The rich singing-voice of my German Grandpa is part of the soundtrack of my childhood. We used to live with my grandparents for the summers, and I remember him tucking me into bed with songs from the 40’s. “I’d rather have a paper doll to call my own than have a fickle-hearted green-eyed girl”… And when we visited at Christmas, “O Tannenbaum” in its full original German. Grandpa hadn’t spoken English until Kindergarten, and my great-grandma, who had lived in the U.S. for some eight decades when I knew her, still had an accent so thick I had difficulty understanding her.
I love O Tannenbaum, thanks to Grandpa, but I’ve never liked any of the multitude of English versions. Every attempt to translate into English rhyme seems to have resulted in something insipid or downright nonsensical—an impression made even worse by the fact that it’s undeniably the song with the most exclamation points “per capita” of any lyrics I’ve seen written out. Probably my feelings about it aren’t helped by the version I can’t evict from my mind, sung by the boys in my gradeschool class: “O Tom the Toad, O Tom the Toad, why did you jump into the road? You used to be so green and fat, but now you’re red and very flat”… Yeah, that kind of ruined it for me.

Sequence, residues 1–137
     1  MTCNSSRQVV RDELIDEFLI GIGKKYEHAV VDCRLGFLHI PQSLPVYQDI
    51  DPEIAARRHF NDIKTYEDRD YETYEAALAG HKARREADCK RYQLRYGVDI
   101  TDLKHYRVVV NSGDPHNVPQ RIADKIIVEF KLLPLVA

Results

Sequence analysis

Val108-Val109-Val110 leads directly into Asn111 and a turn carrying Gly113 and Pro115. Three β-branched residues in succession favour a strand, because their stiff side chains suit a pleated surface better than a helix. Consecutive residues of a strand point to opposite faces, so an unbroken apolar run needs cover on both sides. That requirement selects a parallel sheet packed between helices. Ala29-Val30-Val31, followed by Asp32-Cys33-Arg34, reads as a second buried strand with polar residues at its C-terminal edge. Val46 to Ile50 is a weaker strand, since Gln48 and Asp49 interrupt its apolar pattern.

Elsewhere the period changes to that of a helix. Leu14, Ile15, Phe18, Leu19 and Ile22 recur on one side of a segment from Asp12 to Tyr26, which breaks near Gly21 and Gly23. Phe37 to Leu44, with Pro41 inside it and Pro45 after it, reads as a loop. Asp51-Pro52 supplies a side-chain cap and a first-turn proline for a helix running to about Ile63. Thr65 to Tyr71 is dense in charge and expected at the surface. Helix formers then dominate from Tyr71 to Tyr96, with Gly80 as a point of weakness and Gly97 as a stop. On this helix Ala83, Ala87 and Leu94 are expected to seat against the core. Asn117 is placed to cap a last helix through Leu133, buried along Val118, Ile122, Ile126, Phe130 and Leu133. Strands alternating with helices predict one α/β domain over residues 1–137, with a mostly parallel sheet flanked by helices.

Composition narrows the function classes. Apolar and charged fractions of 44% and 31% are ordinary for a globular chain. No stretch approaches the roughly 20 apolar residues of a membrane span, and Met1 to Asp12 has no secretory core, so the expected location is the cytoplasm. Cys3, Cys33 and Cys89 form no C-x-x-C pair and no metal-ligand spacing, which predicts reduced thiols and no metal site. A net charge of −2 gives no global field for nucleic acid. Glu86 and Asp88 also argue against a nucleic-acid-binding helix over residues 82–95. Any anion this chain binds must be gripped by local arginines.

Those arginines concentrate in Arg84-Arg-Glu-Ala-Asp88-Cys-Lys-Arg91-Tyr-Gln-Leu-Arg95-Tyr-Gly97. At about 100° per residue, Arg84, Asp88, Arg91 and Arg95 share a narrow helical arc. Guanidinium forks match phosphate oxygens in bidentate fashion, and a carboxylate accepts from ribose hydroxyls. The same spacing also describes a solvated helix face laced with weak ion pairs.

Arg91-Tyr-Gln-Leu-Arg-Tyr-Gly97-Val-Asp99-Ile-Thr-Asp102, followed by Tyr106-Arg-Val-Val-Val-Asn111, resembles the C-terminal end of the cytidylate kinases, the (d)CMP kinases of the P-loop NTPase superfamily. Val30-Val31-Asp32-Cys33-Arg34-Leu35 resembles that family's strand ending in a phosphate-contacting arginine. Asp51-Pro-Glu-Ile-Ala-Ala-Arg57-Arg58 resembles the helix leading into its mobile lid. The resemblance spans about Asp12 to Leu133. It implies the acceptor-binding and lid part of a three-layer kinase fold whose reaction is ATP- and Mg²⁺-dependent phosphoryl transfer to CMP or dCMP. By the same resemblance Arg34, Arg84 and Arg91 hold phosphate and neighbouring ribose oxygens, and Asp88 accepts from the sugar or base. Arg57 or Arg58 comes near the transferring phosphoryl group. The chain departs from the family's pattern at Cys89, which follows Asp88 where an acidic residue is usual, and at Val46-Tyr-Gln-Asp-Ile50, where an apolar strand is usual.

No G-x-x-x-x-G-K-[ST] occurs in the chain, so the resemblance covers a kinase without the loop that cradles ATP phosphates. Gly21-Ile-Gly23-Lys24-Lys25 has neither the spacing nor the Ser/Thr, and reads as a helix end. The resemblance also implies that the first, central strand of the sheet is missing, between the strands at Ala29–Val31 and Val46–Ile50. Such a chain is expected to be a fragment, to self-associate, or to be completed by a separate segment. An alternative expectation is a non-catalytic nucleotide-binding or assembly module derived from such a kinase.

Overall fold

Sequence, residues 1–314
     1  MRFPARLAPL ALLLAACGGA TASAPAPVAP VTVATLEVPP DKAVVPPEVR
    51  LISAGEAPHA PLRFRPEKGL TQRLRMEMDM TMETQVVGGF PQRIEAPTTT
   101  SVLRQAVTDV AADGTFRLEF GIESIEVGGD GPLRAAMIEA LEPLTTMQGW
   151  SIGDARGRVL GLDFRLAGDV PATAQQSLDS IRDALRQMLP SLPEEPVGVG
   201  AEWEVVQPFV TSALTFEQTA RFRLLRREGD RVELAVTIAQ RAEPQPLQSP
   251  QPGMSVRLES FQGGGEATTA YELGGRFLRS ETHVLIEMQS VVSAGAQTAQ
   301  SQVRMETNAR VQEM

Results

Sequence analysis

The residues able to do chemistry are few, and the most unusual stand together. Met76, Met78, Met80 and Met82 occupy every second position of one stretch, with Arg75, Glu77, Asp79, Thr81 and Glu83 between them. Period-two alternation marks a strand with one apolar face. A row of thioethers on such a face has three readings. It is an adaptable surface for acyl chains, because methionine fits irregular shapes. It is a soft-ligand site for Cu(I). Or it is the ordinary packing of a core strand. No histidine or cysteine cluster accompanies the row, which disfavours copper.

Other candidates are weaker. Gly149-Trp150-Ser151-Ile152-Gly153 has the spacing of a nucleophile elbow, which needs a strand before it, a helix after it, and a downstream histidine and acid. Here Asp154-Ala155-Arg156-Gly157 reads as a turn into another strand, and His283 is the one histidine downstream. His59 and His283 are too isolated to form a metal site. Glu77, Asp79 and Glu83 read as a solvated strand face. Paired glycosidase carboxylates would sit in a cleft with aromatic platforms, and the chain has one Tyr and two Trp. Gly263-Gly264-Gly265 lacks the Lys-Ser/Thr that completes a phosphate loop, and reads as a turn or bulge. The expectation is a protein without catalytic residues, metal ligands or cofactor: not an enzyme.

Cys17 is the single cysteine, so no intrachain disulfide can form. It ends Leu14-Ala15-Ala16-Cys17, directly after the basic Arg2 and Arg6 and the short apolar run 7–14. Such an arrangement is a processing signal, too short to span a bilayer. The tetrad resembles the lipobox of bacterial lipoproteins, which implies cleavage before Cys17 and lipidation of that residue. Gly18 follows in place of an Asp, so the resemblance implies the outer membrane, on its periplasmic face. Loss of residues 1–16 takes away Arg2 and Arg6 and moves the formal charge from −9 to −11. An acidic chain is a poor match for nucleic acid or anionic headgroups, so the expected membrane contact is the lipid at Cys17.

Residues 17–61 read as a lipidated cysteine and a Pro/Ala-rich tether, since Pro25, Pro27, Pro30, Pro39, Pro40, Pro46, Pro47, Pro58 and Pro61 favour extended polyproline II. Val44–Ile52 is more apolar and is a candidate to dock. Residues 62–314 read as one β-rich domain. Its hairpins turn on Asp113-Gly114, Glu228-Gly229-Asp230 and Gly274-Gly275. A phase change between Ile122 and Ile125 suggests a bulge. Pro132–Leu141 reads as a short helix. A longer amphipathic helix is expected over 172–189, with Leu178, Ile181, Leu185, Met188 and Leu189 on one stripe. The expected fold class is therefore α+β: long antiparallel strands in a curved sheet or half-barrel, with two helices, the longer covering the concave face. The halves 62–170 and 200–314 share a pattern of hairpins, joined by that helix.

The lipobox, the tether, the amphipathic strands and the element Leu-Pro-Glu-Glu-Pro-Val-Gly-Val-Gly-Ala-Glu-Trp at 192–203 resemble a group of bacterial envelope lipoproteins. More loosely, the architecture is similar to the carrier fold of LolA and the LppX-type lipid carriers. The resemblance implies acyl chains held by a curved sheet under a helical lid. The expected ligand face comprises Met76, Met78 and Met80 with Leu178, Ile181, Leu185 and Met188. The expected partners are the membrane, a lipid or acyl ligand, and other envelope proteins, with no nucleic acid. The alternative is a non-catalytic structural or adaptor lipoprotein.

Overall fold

I just discovered that my husband’s high school song was also set to this tune. He went to Punahou, the private school founded in 1841 by missionaries to Hawai’i (and, incidentally, the school our President attended, though “Barry”—as he was called in school—graduated five years later in my brother-in-law’s graduating class). I tease Keoni mercilessly about their mascot, the Lauhala Tree–the one they honored to the tune of “O Christmas Tree.” Or, as he insists: “Da fighting Lauhala Tree, Babe.” It has thorns. Sure, fierce mascot. (I also tease him about the school colors of “Buff & Blue”… I had the full 128-box of Crayolas, and none of them were labeled “buff”—to my generation that’s not a color, but a state of undress…)